Night_Wolf likes this.
  12. KRGaijin

    KRGaijin Adventurer

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    Agreed the MIA wouldn't hold a candle to something like a dedicated Garmin. I keep talking myself into, and then out of, the new Garmin Zumo XT, but sooner or later I will probably give in.

    If you have a unit that you can take between bikes, then connecting your helmet to it and your phone to it makes sense, and that's the way I'd go too.
    adventurebound9517 likes this.
  13. Night_Wolf

    Night_Wolf Leg Humper

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    The picture I can take, resize I can do, not sure what you mean by "manipulate" & "edit" however
  14. Jayell

    Jayell Been here awhile

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    I'm referring to any sort of adjustments you might have to make. Adjust colour, remove background, touch ups, etc.
    Night_Wolf likes this.
  15. 30yGS

    30yGS Adventurer

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    Townsville, Qld, Australia.
    I have just fitted a Garmin Zumo XT to my V85 and it is brilliant, the screen is so clear and the words/numbers are a good size for my failing old eyes. It connects to my Cardo Freecom 1 better than any other GPS I have had (including other Garmins). Very happy with it.
  16. Doug Mclaren

    Doug Mclaren Been here awhile

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    Had a ride around Weardale and Tynedale in the north of the UK on the V85TT this morning.

    Two photos taken 3 years apart, both bikes after about 3 weeks of ownership.

    [​IMG]DSCF3603 by Doug McLaren, on Flickr

    [​IMG]DSCF4323 by Doug McLaren, on Flickr
  17. KRGaijin

    KRGaijin Adventurer

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    Gas tank experimentation has begun. I ran the tank until the last of the 8 bars on the fuel gauge just disappeared; the miles-to-empty had said "---" for about 13 miles at this point. And I had been driving very modestly. Filled up the tank, to the absolute brim, which involved "burping" the tank a couple of times to get air bubbles out of it. It took 5.5 gallons, implying that there could be as much as half a gallon left even after that last dash disappeared; I'll figure that out when I run the tank dry. And I put a gallon in my GasFlask and strapped that to the luggage rack.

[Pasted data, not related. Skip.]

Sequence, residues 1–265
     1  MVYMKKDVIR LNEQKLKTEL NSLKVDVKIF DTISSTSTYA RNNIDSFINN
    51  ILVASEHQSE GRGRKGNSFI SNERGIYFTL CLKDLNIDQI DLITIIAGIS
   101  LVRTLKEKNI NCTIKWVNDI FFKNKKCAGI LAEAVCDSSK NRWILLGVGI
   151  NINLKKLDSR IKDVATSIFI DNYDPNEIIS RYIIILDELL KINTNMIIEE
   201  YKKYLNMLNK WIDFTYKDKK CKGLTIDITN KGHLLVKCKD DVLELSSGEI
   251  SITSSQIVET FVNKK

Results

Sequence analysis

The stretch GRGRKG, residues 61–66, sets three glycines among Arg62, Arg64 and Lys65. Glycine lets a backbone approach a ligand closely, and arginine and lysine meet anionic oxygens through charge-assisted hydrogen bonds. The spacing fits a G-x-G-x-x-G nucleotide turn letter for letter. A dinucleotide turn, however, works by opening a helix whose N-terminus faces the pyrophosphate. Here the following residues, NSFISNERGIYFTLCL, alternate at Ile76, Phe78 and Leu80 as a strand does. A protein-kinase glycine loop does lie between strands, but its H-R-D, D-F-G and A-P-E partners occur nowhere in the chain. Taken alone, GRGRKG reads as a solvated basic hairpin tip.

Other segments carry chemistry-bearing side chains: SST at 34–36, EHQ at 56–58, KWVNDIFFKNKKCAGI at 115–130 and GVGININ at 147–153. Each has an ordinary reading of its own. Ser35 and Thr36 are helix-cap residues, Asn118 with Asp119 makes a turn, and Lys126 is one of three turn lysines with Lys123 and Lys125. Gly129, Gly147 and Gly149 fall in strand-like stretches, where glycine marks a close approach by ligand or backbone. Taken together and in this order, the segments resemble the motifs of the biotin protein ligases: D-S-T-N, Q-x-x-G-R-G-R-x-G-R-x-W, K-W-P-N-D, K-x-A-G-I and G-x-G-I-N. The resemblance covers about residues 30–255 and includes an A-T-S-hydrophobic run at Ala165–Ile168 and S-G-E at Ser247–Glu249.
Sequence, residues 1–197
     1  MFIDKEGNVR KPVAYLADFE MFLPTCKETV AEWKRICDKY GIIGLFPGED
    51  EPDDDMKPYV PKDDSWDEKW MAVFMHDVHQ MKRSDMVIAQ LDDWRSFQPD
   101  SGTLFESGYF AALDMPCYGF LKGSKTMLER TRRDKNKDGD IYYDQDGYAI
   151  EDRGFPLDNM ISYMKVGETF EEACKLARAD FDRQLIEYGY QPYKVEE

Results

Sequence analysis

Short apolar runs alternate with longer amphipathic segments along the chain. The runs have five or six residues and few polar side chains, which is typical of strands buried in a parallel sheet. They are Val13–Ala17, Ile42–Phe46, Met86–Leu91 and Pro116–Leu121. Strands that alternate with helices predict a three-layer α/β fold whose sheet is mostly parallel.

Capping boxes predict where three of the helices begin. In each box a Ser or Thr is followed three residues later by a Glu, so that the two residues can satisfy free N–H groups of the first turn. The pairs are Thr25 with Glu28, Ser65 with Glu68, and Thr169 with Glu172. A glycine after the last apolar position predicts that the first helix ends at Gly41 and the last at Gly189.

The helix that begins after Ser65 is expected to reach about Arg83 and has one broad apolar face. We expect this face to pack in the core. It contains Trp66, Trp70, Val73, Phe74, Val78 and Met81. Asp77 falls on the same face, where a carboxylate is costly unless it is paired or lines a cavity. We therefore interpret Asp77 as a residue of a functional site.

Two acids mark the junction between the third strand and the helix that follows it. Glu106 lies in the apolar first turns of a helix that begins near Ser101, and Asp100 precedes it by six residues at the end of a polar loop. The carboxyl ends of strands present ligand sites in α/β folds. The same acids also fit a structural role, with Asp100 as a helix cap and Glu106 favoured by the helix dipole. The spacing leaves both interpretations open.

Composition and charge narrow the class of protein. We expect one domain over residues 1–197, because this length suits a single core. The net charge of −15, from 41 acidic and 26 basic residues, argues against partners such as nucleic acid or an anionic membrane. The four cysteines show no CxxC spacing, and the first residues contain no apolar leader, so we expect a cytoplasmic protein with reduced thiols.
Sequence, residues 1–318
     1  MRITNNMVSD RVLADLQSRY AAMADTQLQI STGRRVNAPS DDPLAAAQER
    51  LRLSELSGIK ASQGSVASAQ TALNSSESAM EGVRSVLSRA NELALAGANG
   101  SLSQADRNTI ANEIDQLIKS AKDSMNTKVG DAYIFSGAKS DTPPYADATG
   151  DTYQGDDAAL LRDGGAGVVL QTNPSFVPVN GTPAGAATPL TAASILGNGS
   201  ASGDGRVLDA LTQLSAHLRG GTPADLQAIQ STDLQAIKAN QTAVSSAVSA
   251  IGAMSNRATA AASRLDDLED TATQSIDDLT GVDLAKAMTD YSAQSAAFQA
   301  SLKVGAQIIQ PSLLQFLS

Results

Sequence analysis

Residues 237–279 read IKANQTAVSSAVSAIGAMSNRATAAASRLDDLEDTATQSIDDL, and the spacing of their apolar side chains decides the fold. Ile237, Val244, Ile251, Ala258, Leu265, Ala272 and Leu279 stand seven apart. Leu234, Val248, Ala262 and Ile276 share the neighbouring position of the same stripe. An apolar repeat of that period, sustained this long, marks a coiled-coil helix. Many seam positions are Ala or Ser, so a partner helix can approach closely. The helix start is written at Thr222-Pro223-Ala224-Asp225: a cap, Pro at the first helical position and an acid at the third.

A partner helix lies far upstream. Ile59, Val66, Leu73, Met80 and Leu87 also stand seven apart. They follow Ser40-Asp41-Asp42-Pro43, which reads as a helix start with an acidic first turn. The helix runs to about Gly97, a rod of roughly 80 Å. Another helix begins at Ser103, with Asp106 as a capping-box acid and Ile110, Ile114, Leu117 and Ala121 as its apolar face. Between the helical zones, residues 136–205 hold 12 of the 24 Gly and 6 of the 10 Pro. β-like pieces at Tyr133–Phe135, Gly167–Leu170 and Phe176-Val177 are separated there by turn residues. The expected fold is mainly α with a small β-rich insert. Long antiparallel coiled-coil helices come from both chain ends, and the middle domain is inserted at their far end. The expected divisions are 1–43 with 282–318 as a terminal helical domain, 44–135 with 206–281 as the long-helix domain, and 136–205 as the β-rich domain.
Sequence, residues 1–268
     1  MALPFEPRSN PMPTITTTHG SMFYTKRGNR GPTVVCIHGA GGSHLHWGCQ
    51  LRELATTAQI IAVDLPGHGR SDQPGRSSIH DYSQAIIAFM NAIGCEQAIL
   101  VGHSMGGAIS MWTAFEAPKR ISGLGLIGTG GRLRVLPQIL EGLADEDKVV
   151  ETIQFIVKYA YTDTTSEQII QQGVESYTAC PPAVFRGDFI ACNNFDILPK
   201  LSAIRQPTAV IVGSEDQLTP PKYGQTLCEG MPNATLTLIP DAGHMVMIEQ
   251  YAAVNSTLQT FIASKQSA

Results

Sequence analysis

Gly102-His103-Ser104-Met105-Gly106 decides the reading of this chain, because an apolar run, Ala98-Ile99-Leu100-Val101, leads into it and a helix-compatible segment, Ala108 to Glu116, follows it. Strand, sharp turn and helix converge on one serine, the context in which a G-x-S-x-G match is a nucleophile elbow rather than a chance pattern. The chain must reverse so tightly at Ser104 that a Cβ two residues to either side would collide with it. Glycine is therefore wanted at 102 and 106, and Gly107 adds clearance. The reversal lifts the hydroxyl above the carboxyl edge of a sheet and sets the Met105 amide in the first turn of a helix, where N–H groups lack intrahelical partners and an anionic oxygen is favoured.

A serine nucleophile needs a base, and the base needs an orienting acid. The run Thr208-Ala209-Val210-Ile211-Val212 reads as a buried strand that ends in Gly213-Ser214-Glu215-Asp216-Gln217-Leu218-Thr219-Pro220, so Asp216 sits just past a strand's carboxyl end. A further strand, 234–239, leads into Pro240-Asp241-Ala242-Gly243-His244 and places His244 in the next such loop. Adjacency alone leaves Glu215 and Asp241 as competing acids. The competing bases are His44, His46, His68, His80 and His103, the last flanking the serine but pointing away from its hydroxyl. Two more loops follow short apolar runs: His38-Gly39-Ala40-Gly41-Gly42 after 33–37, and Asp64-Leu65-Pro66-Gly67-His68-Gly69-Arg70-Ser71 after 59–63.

[​IMG]

    After filling it full full full, the miles to empty said 326; I had gotten over 308 miles out of this tank before refilling.

    Today I was able to put 90 miles on it, and two bars of the fuel gauge have disappeared so far. It'll take a few days to drain this tank down. I'm trying to run at a cruise-controlled 55 mph whenever possible. So far the system is showing an average mpg of about 54, and the miles-to-empty currently says 264. Add that to the 90 already used, and it's claiming this tank will last for 354 miles, still in the ballpark with the original estimate of 326 for the full tank. We'll see what happens over the next 250 miles or so.

    Attached Files:

    MFS, XT Traveler, Grinnin and 3 others like this.
  18. DesertPilot

    DesertPilot Long timer

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    That's consistent with what I've been seeing. I recall putting in about 5 gallons after 250 miles.
  19. RobertThePilgrim

    RobertThePilgrim Adventurer Supporter

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    So, you are the opposite of Abe Lincoln :)
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  20. Bent-Rim

    Bent-Rim Adventurer

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    I'm tall enough to straddle the bike when filling up. The tank fills fast up to the last 1/2 gal. It takes long time to trickle in the last 1/2 gal, I stop at the bottom of the cone in the filler neck. I get between 38 mpg to 42 mpg. I divide the miles ridden according to the odometer by the volume of gas I put in the tank. I don't pay attention to the dash #'s for mileage and range. It's all twisty roads around here, I avoid the freeway.
    OtterChaos likes this.